Every source I have looked at over the past two weeks has suggested an interesting phenomenon: COVID-19 cases are increasing while deaths are dropping dramatically. I include the figures from tonight’s Apple news spotlight, however the numbers from the New York Times, Johns Hopkins University, and multiple other sources including the CDC also indicate identical trends.
One can hypothesize several reasons why this is occurring. One might be that the increase in case numbers is coming simply from increased testing and documentation of infections. Another might be that people who are infected are not dying at the same rate because they are healthier or their care has improved. Finally, it may be that the virus has changed so the infection is less severe and less likely to cause fatalities.
I believe there could be a combination of these factors, and I will address them in likelihood of their relative contributions.
The one thing I don’t believe has happened is that the virus has changed or mutated in a way that has made it less lethal. While this claim was made by a physician in Italy, there is no data suggesting that this has happened. I addressed the D614G viral substitution yesterday. I can only say that there is no evidence that a new, less lethal strain of coronavirus has evolved.
There is some chance that care for individuals with COVID-19 has improved. Better means of preventing individuals from requiring mechanical ventilation (ventilators), remdesivir the antiviral drug, and several of the anti-inflammatory therapies may have improved care. But only remdesivir has reached general use for COVID-19 infected individuals, and the ability to prevent mortality in clinical trials with this drug was minimal.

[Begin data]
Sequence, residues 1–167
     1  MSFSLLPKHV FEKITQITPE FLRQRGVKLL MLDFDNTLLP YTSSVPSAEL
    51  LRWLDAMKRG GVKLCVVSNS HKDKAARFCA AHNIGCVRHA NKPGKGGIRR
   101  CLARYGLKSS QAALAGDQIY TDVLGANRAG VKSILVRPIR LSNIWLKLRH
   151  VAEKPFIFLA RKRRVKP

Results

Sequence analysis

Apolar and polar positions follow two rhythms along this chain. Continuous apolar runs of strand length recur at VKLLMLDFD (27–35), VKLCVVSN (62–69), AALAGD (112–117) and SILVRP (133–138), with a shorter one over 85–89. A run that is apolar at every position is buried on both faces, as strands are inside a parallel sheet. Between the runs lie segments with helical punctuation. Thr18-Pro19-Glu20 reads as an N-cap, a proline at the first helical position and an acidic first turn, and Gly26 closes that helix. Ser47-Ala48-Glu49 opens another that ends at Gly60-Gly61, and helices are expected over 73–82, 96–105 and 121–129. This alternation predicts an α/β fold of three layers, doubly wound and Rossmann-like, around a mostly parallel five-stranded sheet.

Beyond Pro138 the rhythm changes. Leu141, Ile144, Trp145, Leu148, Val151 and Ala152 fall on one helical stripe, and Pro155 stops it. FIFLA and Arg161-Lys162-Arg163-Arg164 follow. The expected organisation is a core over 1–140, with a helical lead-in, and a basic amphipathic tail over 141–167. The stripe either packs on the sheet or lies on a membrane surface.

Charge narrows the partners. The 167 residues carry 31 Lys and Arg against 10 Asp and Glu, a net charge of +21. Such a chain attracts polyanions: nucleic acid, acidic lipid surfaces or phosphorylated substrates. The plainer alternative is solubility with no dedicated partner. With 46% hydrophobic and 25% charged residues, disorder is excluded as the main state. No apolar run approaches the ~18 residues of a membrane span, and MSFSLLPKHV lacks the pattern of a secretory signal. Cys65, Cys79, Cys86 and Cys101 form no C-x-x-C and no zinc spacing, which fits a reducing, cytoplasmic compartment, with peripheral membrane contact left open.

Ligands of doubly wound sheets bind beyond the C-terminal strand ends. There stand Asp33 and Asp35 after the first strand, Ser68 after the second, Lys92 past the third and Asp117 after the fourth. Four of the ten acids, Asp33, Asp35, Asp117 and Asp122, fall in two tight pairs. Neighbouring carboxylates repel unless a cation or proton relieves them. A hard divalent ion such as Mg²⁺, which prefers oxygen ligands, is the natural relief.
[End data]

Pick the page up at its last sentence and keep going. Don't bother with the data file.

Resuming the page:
Importantly, even if deaths were being prevented with therapy, hospital utilizations should still continue to increase. While there have been anecdotal reports of this in certain areas of Florida and Texas, the overall numbers for both the United States and these states in particular do not show increased hospital utilization (IHME data, shown below).
Therefore, we are left with two alternatives: that fewer, healthier people are being infected or the majority of the increase in cases that we’re seeing are due to increased testing or differences in reporting. There have been reports that infections in younger people have increased tremendously. In reviewing the CDC website, however, the rates of coronavirus infection, have not changed.
Dr. Tom Frieden, former director of the US Centers for Disease Control and Prevention, wrote in a Twitter post that there was an increase in infections of young people, but quoted no data. When he spoke on CNN, he only mentioned anecdotal data. Therefore, there is no firm data that excess infections in younger, healthier people are the reason deaths are dropping.
The only reasonable conclusion left is that we are identifying more infections, especially those that are asymptomatic (the majority) by testing more frequently, using better tests, and making rational assignments of infection based on retrospective data (antibody tests that show infection after the fact). This is best shown in the University of Washington Institute of Health Metric Analyses numbers where the only factor is increasing reports of testing. Combining viral testing and antibody testing to give overall infection numbers has made reporting difficult to evaluate.
We should be applauded because we are doing a better job of testing and reporting COVID-19 infections. Let’s hope this trend continues while deaths continue to fall.